The BOSS DD-500
Digital Delay is BOSS’ flagship, multi-mode delay pedal. With exceptional sound quality and customisable flexibility, the DD-500 is an absolute powerhouse of a delay, able to handle practically any delay-related task you assign to it.
The core of the DD-500’s gigantic flexibility is the varied delay modes available for selection, accessible via the MODE knob on the front panel.
While all of these modes are fundamentally delays, they are all different and have contrasting qualities to them which make for a diverse and inspiring palette of sound options to choose from.
You’ve probably heard many of these mode terms used before – Standard, Analog, Shimmer, Reverse, Filter, Tape…sure, they might sound self-explanatory, but what do they actually do to your sound?
One way to find out of course is to try them yourself, but if you can’t access the particular pedal that you’re after, it might be difficult to fully appreciate what these delay modes can do for you.
In this article, we’ll show you the differences between the 12 different delay modes available on the BOSS DD-500 and perhaps give you a little bit of insight as to how you might use them. In fact, to get started with some practical application – here’s a video of all 12 modes of the DD-500 in action:
Let’s take a closer look at what each Mode does and discuss how you can use each one.
Contributed by Byron Struck for the Roland Australia Blog
This is a pristine and all-purpose digital delay. It is usable on practically any sound that requires a delay effect. Crystal clear, ideal for contemporary delay and infinitely flexible with the DD-500’s parameter controls, this is a go-to delay type for when you want an unaffected, transparent, repeated representation of your original signal.
Since its explosion in the late 1970s/early 1980s, digital delay has become the most prominent type of delay available in pedals, processors, hardware and DAWs today. With the ability to replicate signals in ways that are simply not possible on tape and analog delay units, digital delay has become the industry standard for delay effects.
Growing in leaps and bounds in both sound quality and usability over the 30+ years since its introduction, digital delay has the potential to range from enormous sound design textures to quiet, subtle reflection.
One of BOSS’ newer effects
(along with being the 100th BOSS pedal!) the Tera Echo is an echo sound that falls between both reverb and delay. It has a lot of space and adds a certain animated and lively quality to the delay sound that is excellent for ambience.
Tera Echo on the DD-500 is based on the MDP powered stompbox pedal of the same name. Combining elements of delay, filtering, reverb and pitch modulation, the complex sound produced by this effect is perfect for ambient washes or subtle reverberation with a slight edge.
Certainly one of the most exciting new innovative effects of recent times, the Tera Echo sounds incredible on clean tones for a sparkly, modulated result. However, if you use it with some overdrive or distortion, you’ll hear the highly expressive quality of its multi-faceted sonic abilities in soaring detail!
Slowly fades the delay effect in by affecting the attack of the delayed signal. Similar to if you were to use a volume pedal or your guitar’s volume control. Great for bringing the delay in gradually after you play something, for a building kind of sound.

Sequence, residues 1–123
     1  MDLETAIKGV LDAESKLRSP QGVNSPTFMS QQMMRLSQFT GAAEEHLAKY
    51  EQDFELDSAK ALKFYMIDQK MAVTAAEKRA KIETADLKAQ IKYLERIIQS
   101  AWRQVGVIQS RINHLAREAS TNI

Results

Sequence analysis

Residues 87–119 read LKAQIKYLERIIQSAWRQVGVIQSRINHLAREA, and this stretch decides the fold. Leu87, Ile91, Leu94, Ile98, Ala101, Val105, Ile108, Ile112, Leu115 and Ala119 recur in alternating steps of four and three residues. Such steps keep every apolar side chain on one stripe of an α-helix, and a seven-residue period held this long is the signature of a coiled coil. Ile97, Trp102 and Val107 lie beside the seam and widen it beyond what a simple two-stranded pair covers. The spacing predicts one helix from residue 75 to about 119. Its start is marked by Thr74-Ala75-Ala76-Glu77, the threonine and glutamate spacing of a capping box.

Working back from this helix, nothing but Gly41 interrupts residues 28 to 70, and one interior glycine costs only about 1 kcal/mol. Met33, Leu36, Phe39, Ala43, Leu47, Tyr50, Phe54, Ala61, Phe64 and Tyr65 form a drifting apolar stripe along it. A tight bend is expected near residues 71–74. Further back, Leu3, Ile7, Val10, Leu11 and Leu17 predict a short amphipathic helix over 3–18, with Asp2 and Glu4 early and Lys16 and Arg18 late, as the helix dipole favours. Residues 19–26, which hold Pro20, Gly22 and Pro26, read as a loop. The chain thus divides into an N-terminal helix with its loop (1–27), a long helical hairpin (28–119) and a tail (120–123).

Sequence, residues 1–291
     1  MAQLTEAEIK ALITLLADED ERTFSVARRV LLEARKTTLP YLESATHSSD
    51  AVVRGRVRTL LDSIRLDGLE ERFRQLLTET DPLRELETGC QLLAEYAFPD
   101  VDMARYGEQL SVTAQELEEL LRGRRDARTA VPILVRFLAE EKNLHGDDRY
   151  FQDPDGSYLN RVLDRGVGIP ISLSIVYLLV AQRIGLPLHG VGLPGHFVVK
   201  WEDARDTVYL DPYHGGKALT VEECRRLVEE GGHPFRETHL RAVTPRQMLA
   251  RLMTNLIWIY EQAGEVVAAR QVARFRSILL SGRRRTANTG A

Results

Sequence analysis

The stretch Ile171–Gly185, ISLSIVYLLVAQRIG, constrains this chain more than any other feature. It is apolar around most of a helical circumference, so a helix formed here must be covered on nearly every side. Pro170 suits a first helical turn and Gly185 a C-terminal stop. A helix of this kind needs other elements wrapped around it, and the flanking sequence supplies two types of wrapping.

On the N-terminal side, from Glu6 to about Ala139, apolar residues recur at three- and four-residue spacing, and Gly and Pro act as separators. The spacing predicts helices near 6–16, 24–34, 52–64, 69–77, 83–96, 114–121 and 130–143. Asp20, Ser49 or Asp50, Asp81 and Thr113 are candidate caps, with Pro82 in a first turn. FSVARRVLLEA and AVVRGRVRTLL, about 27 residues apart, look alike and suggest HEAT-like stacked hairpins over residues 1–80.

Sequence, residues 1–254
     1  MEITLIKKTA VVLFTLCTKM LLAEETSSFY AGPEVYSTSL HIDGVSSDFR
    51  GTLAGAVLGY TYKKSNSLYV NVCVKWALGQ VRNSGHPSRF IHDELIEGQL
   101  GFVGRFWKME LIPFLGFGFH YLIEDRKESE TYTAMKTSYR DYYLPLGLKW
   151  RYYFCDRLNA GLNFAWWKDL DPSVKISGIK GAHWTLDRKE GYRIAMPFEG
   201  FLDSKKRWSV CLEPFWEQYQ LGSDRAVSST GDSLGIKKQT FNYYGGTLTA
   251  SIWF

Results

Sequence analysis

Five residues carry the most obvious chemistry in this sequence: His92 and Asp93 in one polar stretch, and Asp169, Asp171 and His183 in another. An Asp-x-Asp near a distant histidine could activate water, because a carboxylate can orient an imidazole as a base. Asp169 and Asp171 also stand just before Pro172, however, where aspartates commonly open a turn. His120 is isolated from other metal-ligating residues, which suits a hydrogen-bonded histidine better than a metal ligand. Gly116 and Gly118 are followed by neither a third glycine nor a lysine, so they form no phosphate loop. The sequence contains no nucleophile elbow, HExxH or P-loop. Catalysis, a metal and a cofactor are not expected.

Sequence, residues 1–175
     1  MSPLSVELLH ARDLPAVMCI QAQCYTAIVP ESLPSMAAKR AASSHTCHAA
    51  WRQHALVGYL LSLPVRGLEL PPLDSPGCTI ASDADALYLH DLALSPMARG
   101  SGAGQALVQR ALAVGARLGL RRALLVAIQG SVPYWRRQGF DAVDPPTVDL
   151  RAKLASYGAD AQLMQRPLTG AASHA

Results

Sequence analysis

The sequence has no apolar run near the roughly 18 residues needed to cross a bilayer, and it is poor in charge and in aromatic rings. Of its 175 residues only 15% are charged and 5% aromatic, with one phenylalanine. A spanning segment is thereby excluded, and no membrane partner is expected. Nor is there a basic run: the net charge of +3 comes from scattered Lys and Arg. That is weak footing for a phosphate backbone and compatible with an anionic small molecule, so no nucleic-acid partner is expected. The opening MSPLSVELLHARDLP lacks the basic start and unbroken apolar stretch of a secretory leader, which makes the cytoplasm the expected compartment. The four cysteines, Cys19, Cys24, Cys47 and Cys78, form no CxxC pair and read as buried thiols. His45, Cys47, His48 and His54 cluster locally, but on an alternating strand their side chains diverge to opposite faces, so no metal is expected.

You can use the Slow Attack mode to produce stunning and highly imaginative “bow-like” sounds that perfectly lend themselves to big chords, epic leads lines and clean swells. Combined with other effects like reverb and phase, you can create mesmerising soundscapes with the Slow Attack.
And, if you swap your volume pedal out for an expression pedal from the BOSS EV series line, you can now let the Slow Attack take care of your swell time and focus on controlling different aspects of your delay sound via the DD-500’s parameters, including Mod Depth or even the delay time and feedback!
Adds a sweeping filter to your delayed signal, similar to a phaser or a flanger. Use if you want the delay sound affected by a modulation effect.
Combining a filter with a delay is like a guitar played through an overdriven amplifier – it makes perfect sense. Not only do you have the benefit of a new space added to your sound, but you’re now affecting that space with movement and a new texture.
Augmenting the original signal with new elements, highlighting your delay sound with new colours and being able to control all of these factors is ideal for taking your music into new territory. Plus, you’ll save space on your pedalboard if you want to leave your phaser or flanger at home.
For rhythmic and percussive effects, this mode is perfect. For dreamy, psychedelic washes, it works a charm. For combining multiple classic effect parameters into a highly usable and dynamic delay setting, try the Filter mode of the DD-500.
A unique effect that lends a lush, textural and somewhat ethereal quality to the sound, created by pitch-shifting the delayed portion of your sound.
“Shimmer” is a term that came to prominence when artists began combining harmonizing and other pitch-based effects with delay. Originally, these different effects units were independent of each other, so for example, a delay signal was fed into a pitch-shifting unit.
This resulted in a shimmering quality to the delay sound, wavering as it progressed over time. As the “Shimmer” effect grew in popularity, it started to appear as a selectable mode on delay and other effects units, right up to today.
Because of the combination of different effects all working on your sound, the complex results that the DD-500’s Shimmer mode can deliver makes for a fantastic accompaniment to clean arpeggios. This is where you can really hear the individual note pitches shifting, after you play each one separately.
Of course, there are no rules, so experiment with the DD-500’s Shimmer mode and discover what works best for you!
Takes your delay signal and introduces a sound affecting element to it. Use for a more unusual delay signal.
Similar to the “Bit Crush” effect that has enjoyed recent popularity, the SFX mode reduces the resolution of your delay signal. This creates a lo-fi, buzzing and glitching kind of sound, similar to if you were playing an early video game!
It also has the ability to add a tremolo effect to your sound, resulting in a wavering, shaky and almost synth-like effect. The SFX mode is an unusual sounding effect for unusual purposes, but that doesn’t mean that you have to stay regulated to the world of weird sounds with it.